And welcome to my newsletter for July, 2007. Please feel free to forward this to anyone you think would be interested in keeping up with me! To receive these newsletters regularly, please drop me a note or subscribe online at: . Notices of new paintings and events are at the bottom of this email.

Epiphanies =========

We have been living in a wildly Cartesian world for quite some time now; for many generations, in fact. And the rules of measurement and scientific method, so powerful for helping us to manipulate our physical world, have colonized every facet of our lives: education, psychology, economics, politics, even art and theology. "Scientism" has become rather like the proverbial man with a hammer; to him, all the world is a nail. And since nails are dead things, all the world becomes, likewise, dead.

By the time I reached high school, I had already absorbed large parts of this matrix of mathematical materialism. I had suffered through public and private school laboratory experiments, filmstrips on engineering breakthroughs, and lectures on temperance and proper hygiene. It was only then that I stumbled onto J.R.R. Tolkien's "The Lord of the Rings".

And that encounter was like a downpour in the desert.

I'd never heard of a world like Middle Earth, in fiction or fact. And there was something about the place that I just couldn't shake from my psyche.

I had been an aficionado of science fiction as well as of more conventional fictional fare for years, and I had had my occasional deep desires to walk with Muad'Dib or Mowgli. But this world of Tolkien's was not only more complete than Arrakis or Kipling's jungle; it made sense. It felt "right" in a way that other fiction, even when set in more "realistic" worlds, did not. And even more than that, the tales of Middle Earth showed me a completely new way to look at the world I already inhabited.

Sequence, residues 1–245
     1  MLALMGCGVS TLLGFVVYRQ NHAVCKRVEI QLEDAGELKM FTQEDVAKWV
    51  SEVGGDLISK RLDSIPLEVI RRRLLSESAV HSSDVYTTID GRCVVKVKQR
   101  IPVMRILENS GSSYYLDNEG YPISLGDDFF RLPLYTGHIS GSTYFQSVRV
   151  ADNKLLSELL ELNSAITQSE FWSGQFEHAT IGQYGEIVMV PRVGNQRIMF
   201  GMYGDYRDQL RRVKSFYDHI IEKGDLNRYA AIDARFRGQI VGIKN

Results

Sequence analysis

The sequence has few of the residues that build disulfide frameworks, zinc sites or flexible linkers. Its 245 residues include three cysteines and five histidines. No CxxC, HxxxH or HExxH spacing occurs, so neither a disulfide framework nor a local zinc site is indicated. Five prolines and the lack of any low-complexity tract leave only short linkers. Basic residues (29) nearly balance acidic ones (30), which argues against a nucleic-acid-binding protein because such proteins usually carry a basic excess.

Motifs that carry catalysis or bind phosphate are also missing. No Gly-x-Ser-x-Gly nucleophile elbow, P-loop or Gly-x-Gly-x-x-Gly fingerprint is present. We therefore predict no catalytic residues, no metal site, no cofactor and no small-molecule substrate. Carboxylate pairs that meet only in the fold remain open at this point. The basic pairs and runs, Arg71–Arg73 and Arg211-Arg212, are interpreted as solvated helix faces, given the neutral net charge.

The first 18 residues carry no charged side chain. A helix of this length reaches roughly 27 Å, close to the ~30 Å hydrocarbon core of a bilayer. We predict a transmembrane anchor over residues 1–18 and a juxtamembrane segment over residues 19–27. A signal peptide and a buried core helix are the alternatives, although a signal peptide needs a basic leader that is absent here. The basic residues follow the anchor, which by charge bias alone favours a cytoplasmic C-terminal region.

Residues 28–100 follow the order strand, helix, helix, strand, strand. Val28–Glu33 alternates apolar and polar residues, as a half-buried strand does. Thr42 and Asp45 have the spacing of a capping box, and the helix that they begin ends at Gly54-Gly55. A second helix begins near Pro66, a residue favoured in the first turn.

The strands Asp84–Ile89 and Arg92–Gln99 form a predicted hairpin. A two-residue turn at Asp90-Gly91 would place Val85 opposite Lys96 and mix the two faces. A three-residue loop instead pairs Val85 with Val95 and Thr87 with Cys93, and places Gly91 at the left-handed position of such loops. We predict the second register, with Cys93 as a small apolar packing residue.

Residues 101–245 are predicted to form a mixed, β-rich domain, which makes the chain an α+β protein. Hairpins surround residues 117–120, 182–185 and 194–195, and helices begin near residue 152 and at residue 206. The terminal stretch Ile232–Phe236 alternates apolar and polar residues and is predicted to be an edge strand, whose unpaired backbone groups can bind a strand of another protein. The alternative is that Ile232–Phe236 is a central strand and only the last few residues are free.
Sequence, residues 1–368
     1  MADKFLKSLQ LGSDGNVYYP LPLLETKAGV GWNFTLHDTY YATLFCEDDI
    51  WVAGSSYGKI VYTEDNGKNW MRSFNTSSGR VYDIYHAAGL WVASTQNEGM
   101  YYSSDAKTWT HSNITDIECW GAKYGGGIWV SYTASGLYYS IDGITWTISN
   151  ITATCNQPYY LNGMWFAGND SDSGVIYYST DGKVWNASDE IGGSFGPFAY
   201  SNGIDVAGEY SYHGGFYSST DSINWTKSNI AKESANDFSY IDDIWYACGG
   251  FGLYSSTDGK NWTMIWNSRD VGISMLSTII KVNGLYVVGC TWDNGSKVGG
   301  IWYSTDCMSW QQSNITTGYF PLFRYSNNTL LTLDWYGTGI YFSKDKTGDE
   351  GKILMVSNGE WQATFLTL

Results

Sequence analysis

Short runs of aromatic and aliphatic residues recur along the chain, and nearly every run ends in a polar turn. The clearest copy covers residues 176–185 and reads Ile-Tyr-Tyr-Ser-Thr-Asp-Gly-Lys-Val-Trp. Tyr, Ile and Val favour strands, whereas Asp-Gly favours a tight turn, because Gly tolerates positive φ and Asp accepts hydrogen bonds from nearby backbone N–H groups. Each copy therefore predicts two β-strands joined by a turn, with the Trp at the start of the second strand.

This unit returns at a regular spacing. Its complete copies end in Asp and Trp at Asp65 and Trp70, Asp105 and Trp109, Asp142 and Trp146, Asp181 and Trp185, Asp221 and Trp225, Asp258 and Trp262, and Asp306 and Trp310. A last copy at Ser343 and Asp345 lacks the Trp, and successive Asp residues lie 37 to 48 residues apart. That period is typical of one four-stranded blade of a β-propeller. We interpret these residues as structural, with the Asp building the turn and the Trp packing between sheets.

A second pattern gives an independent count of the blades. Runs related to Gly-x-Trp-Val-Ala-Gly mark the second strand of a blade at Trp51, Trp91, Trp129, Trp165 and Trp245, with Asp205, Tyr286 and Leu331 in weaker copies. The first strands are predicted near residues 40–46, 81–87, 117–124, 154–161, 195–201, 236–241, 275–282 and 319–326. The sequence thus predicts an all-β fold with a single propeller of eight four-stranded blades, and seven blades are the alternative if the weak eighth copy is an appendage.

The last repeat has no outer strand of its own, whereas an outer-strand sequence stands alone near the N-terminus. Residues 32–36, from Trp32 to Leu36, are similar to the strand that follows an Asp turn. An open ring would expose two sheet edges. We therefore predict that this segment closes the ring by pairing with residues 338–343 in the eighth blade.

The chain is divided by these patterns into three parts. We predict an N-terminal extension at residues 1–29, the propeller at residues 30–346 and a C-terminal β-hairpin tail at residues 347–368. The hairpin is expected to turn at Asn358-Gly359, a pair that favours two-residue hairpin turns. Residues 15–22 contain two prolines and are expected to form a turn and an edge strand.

I remember summer afternoons reading "The Fellowship of the Ring," sitting on the lawn after a day of work at my high school. I remember traveling with the Fellowship south from Rivendell, through Moria, Lothlorien, and down the Great River to Amon Hen. And when I looked up from my pages, the trees around me seemed richer in hue and more alive than they'd seemed before. The sky was a more brilliant cerulean; the birdsong was pregnant with hidden portents.

This is "recovery", in the parlance of J.R.R. Tolkien, as described in his essay "On Fairy Stories". This is the process of allowing the world to be dipped in myth and magic so that we can see it anew.

And it occurred to me then, as it often does now, that the process of dulling ourselves to the wonder of the world around us is, perhaps, a result of the almost imperceptible accumulation of evil in and around ourselves. And by this I don't mean the Evil with a capital "E" that accounts for murder and theft, but the even more treacherous slippery- slope sort that leads to diffidence and despair.